Joint Employment in Consumer-Directed Programs

Last week, the Department of Labor (DOL) held a briefing to address joint employment in consumer-directed programs as outlined in the Federal Register in October 2013. Officials reviewed an Administrator’s Interpretation from last month that defines companionship services, clarifies the duties test, and limits the use of the companionship services exemption and the live-in domestic service employee overtime exemption to individuals or their representatives only. Most workers in consumer-directed programs will have a third-party joint employer and therefore must be paid in compliance with the Fair Labor Standards Act’s minimum wage and overtime requirements. However, the exemption may be applied in situations in which the consumer is the sole employer. Third party employers may no longer claim exemptions under this rule. The Centers for Medicare & Medicaid Services recently released guidance on state options for Medicaid reimbursement for overtime and travel costs that may result from the Final Rule. For more information, please visit www.homecare.gov for a fact sheet and other information related to minimum wage and overtime pay for direct care workers.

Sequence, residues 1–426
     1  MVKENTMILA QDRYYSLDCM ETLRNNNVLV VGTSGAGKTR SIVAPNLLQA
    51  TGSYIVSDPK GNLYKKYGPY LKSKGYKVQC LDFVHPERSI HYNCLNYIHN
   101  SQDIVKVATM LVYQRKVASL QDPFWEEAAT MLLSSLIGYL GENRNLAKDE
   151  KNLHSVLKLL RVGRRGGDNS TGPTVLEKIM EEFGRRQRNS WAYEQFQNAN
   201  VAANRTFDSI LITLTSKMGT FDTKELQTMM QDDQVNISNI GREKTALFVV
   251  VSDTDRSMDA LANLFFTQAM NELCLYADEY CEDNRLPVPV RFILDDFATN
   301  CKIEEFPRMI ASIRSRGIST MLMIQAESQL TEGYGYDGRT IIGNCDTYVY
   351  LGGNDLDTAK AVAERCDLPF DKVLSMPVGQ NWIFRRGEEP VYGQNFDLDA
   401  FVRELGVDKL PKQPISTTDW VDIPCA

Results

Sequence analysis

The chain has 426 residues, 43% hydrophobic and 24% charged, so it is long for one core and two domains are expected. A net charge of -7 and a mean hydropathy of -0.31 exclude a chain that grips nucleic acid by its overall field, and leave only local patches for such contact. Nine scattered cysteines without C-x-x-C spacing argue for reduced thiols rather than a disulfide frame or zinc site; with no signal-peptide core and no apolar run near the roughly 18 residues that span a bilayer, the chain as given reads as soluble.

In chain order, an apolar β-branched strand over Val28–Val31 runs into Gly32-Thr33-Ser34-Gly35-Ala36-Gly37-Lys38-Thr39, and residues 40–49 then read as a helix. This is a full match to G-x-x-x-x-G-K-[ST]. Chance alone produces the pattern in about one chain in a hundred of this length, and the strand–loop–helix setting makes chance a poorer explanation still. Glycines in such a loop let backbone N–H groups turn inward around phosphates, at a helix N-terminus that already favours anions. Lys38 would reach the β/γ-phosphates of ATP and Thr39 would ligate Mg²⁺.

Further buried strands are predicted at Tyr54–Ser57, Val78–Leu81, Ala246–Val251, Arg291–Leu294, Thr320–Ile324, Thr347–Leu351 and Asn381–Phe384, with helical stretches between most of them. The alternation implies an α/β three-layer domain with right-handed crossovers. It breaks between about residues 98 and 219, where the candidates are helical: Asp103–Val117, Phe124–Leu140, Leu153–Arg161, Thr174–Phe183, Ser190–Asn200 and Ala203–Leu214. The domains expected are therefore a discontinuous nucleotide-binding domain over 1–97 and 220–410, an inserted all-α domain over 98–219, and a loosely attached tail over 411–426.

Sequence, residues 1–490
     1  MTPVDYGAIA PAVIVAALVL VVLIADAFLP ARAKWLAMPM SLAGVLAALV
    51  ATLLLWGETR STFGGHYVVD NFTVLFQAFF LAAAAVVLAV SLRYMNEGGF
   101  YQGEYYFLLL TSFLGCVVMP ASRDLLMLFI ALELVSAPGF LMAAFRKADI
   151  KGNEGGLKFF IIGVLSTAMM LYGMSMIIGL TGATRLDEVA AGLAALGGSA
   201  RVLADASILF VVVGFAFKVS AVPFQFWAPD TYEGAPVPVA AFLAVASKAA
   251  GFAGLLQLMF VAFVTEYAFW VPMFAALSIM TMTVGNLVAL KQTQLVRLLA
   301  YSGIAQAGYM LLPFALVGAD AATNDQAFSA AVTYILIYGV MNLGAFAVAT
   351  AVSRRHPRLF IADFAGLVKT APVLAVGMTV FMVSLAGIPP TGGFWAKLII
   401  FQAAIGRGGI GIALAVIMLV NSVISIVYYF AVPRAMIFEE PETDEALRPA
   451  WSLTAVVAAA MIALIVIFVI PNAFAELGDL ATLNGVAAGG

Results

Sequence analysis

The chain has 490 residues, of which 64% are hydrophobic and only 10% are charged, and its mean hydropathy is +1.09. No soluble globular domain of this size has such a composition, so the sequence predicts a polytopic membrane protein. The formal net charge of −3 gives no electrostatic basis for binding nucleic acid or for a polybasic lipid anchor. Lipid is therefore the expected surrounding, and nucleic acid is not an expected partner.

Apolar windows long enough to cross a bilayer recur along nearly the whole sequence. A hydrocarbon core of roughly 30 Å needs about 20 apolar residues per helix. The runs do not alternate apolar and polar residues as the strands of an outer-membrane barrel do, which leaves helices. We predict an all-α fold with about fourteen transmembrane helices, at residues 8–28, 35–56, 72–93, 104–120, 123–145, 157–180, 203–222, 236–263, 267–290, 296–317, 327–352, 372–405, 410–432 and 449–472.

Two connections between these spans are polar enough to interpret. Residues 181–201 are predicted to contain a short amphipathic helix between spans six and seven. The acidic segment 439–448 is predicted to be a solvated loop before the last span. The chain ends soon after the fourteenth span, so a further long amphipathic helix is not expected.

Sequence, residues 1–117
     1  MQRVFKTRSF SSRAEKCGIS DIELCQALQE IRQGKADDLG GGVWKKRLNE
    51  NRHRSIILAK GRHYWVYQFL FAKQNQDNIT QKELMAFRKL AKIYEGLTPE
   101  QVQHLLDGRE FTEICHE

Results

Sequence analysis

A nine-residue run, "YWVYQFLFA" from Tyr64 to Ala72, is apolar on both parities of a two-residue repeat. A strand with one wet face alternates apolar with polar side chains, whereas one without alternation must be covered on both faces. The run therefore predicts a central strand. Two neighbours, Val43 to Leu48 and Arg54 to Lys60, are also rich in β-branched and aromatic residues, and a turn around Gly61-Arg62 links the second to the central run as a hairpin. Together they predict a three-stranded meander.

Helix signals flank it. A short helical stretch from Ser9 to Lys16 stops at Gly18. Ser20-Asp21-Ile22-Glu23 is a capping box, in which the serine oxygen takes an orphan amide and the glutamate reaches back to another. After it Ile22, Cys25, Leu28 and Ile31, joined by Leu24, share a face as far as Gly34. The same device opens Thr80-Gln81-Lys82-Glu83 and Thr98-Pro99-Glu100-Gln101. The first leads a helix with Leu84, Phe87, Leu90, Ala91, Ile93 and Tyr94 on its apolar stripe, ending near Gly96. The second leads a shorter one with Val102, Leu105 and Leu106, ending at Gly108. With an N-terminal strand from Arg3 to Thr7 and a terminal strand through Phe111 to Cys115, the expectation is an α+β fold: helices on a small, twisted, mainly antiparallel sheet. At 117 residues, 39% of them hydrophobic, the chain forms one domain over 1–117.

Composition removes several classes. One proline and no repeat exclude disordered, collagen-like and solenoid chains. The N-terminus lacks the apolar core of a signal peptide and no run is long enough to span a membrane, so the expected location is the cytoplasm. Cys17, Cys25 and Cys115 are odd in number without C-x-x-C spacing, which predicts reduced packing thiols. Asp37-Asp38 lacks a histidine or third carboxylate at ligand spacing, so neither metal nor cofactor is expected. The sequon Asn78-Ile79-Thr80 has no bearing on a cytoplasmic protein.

Convention on the Rights of Persons with Disabilities Update

Last week, Senator Tom Harkin (D-IA) met with members of the disability advocacy community to ask for continued support in urging the Senate’s passage of the Convention on the Rights of Persons with Disabilities (CRPD). The treaty has been placed on the agenda of the Senate Foreign Relations Committee business meeting for mark-up on Tuesday, July 22. Supporters are hopeful that the treaty will pass out of committee and go to the Senate floor for a vote the week of July 28.

The Treaty was adopted by the United Nations (UN) General Assembly on December 13, 2006 and was signed by President Obama on June 30, 2009. The Senate took the treaty up for consideration in December of 2012 but fell five votes short of the 67 needed for ratification. To learn more, please see The Arc’s fact sheet and blog entry, as well as a video message from Sen. Harkin. To contact your Senator about this critical issue, please visit The Arc’s Action Center or Tweet using #ISupportCRPD.

FY 2015 Spending Bills Face Likely Continuing Resolution

Senate Appropriations Chairwoman Barbara Mikulski (D-MD) announced that, despite having strongly pushed for regular order in the appropriations process, she is now seeking to move an omnibus package of bills for the fiscal year that begins on October 1, 2014.  One or more short-term continuing resolutions (CRs) may be necessary if Congress cannot pass all 12 individual spending bills or a combination of bills before October 1.  CRs typically provide level funding from the previous year, though they are not required to do so.  Read this story from January to see how disability-related programs fared in the FY 2014 spending bill.